P541. Does smoking increase the need for the use of immunomodulator treatment in Crohn's disease patients?
P. Ellul1, C. Saliba2, N. Azzopardi3, D. Grech Margeurat3, G. Laferla2, G. Grech2, 1Mater Dei Hospital, Msida, Malta, 2University of Malta, Malta, 3Mater Dei Hospital, Malta
Smoking is one of the more definite environmental factors for IBD. While Ulcerative Colitis is a disease of ex-smokers and non-smokers, Crohn's Disease (CD) is more prevalent among smokers. Recent data have failed to reproduce this association, which might be due to a current wider use of thiopurines and biologic therapy.
Aim: To determine if there are any differences between smokers, ex-smokers and non-smokers in the need for immunomodulator (IM) therapy and/or surgery in the management of their CD.
Patients (pts) with a histological diagnosis of CD disease were recruited. They were classified as non-smokers, current smokers or former smokers according to their present smoking status. Clinical data regarding disease characteristics, treatment, and complications were collected.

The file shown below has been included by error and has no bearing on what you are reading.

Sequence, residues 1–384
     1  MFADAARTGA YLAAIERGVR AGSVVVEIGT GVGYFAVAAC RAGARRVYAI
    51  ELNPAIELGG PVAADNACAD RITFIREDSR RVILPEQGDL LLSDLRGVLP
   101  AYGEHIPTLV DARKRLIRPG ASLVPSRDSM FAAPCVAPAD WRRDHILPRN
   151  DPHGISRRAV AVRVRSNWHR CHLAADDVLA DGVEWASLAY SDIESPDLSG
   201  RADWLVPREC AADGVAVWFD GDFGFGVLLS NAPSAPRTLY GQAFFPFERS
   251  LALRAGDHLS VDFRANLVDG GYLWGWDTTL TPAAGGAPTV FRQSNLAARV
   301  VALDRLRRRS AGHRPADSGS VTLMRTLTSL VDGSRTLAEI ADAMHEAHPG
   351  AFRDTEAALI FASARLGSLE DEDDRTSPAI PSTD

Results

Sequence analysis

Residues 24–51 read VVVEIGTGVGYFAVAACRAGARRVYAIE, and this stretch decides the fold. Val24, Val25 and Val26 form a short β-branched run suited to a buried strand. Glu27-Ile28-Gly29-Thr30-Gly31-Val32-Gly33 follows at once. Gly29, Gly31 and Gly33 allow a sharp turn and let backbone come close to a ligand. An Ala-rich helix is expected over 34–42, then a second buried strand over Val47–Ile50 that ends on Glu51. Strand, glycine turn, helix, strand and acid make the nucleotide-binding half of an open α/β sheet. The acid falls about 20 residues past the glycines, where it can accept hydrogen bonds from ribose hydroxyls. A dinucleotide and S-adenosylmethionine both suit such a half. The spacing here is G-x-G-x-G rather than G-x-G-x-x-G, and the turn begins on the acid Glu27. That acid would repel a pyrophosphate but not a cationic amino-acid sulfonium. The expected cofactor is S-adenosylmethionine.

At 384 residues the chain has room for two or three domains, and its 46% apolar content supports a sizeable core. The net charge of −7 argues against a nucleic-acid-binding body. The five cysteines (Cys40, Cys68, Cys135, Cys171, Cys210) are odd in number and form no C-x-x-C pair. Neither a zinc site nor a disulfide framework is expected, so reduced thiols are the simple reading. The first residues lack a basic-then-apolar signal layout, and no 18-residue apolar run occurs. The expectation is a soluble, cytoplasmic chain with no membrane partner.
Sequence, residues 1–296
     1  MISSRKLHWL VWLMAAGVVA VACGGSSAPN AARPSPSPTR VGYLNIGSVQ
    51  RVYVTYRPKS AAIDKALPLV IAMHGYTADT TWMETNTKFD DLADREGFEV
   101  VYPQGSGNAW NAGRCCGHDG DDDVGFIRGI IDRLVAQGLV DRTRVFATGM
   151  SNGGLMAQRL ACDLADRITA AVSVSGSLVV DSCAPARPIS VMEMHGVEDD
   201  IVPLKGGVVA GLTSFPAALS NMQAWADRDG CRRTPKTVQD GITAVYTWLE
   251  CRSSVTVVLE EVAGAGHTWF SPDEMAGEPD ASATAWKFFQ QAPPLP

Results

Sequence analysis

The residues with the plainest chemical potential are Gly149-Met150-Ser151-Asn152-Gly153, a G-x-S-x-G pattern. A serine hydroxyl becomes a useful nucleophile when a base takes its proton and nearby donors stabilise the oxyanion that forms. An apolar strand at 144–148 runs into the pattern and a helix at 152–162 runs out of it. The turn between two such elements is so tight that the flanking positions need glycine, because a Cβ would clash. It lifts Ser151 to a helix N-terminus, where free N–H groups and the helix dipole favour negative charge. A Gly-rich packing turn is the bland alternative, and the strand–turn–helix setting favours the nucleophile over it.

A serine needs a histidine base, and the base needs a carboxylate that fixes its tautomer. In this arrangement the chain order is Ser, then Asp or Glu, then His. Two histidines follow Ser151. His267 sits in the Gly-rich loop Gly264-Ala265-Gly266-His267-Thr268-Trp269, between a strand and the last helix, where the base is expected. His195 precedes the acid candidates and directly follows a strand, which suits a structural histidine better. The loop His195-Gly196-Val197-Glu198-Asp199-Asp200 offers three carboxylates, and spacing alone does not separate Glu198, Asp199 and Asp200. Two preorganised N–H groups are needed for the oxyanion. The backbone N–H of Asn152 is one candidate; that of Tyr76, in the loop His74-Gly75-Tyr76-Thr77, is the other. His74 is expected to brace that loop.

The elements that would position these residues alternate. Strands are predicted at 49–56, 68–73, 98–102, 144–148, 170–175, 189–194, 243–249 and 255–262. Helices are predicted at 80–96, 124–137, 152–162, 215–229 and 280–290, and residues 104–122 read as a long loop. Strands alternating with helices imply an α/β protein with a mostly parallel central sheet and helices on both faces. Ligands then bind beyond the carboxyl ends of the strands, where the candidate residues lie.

83 pts (42 female) were recruited. Their current mean age was 39 years (7–73 years). They had a CD duration post-diagnosis of 8.98 years (12 months to 32 years).
80.7% of pts were having IM therapy. 49 pts were on single IM treatemnt and 18 pts were on dual IM therapy. 16 pts were having 5-ASA as their only medication.
24.1% (20) had CD related surgery. They had 27 surgical interventions.
Table 1 depicts the pt characteristics in terms of smoking status, surgery and need for IM therapy.
Statistical analysis demonstrated that smokers required IM therapy more frequently than non-smokers (p < 0.05).
Statistical analysis using chi square for trend [using Statcalc (Epiinfo)] demonstrated a positive linear trend for the use of IM therapy and/or surgery across the 3 groups (Smokers CD versus ex-smokers CD versus non-smokers CD patients) – p value 0.03.
|Dual IM + Surgery||3||2||3|
|Single IM + surgery||1||1||6|
Our data demonstrates that CD smokers were more frequently on IM treatment when compared to non-smokers and there was a positive linear trend across the 3 groups with regards to the need of IM treatment and/or surgery. One of the associations of long term treatment with IM is malignancy, especially if on dual treatment. The issue gets more complicated as to when to stop them if the patient is on remession. Thus, smoking cessation should be emphasised on diagnosis and appropriate professional help provided to these patients.